Imagine being so brilliant at making sports shoes that you are asked, aged just 16, to make the shoes for the British Olympic running team. That’s exactly what happened to Norman Walsh in 1948, who went on to found his eponymous brand in 1961. I admit, I didn’t know much about Walsh until last week when I visited an exhibition on the brand at the Fashion and Textile Museum in London, but now I’ve learnt all about it I want to share it with you. Because it makes really cool trainers, and they’re all made in England. And they’re even 100% vegan!
In a world where EVERYONE is wearing either New Balance or Nike Air Max, I’m so happy to have found a brand of trainers that will make me look a bit different from the pack. And because Walsh specialises in performance shoes, they are unbelievably comfortable as well. The exhibition – which is open until May 17th – was jam packed with archive shoes, including some very stylish running spikes that I would have loved to have worn in my days in the school athletics team (when I was 12 I was in the same relay team as Olympic bronze medallist heptathlete Kelly Sotherton – true random fact!). If you can’t make it to the exhibition, there’s plenty of lovely archive images on the website.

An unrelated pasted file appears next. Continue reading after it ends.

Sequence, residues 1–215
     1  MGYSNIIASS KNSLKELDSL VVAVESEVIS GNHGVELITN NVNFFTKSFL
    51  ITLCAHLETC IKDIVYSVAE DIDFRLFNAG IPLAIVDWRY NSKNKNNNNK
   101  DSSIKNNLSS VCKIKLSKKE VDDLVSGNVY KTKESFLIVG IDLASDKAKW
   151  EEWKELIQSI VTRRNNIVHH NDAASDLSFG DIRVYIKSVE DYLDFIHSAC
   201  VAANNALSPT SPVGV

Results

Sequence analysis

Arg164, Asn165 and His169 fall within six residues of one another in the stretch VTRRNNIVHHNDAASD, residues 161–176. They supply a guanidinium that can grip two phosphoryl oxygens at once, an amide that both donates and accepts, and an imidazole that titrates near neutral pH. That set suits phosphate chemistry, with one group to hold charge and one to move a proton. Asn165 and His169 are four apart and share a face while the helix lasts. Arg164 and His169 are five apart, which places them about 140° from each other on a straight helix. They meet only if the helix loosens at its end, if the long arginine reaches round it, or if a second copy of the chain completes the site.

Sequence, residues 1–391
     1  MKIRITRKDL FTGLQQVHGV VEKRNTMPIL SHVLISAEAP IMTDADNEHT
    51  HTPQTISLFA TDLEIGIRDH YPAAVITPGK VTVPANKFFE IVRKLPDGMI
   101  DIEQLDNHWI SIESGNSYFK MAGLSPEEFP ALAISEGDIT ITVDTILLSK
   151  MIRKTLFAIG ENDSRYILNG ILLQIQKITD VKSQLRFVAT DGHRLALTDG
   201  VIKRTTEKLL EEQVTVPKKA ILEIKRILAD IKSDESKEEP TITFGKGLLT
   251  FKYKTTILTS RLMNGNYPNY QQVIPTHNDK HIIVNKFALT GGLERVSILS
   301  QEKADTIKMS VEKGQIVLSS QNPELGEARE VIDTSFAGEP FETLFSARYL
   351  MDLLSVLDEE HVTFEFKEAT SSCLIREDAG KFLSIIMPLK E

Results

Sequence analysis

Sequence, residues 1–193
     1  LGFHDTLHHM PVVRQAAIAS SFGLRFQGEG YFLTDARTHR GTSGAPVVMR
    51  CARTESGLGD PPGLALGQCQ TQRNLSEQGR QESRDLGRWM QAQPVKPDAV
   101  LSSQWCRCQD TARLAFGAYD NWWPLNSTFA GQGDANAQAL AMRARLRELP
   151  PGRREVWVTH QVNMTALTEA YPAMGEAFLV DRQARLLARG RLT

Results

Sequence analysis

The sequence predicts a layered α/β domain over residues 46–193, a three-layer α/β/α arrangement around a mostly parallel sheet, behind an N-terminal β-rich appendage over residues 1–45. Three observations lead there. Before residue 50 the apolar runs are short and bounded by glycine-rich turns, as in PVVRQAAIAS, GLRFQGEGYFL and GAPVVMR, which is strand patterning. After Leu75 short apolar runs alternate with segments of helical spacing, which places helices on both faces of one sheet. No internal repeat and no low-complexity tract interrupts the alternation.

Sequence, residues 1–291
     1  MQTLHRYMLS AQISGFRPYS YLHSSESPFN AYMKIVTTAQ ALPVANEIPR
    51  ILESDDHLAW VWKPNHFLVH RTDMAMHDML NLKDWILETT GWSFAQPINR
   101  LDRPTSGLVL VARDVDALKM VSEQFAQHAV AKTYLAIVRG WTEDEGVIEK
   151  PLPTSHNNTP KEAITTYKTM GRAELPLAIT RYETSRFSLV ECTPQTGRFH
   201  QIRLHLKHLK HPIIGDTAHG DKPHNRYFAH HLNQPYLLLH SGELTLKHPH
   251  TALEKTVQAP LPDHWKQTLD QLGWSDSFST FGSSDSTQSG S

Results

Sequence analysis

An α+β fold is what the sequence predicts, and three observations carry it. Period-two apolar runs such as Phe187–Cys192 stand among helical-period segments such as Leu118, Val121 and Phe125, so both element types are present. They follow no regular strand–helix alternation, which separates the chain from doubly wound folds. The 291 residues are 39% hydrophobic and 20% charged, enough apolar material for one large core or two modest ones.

Walsh still makes performance shoes, mostly for fell running and cross country, and Mr Brogue was particularly fond of these styles. I love the fabric – it’s like a thick felt on the blue and yellow style – and those chunky soles, which are obviously designed for running over rocky terrains, also happen to look great.
The styles below are all from the casual range, which is a selection of great looking styles recreated from the archives. The Lostock was originally developed in 1985 and is named after the hilly area of Bolton it was frequently used in, and below that, the Pennine Adder was the first style to use the now famous V-Ripple sole in the 1960s (a detail that is very on trend right now – wonder where those other brands got the idea from?!). There are LOADS of different options too, and most of them are delicious retro-inspired colour combinations. Plus the prices are brilliant – you can pick up a pair for as little as £70. So if you’re after a new pair of trainers, don’t get sucked into those obvious brands. Go for something a bit different, and be proud to wear British!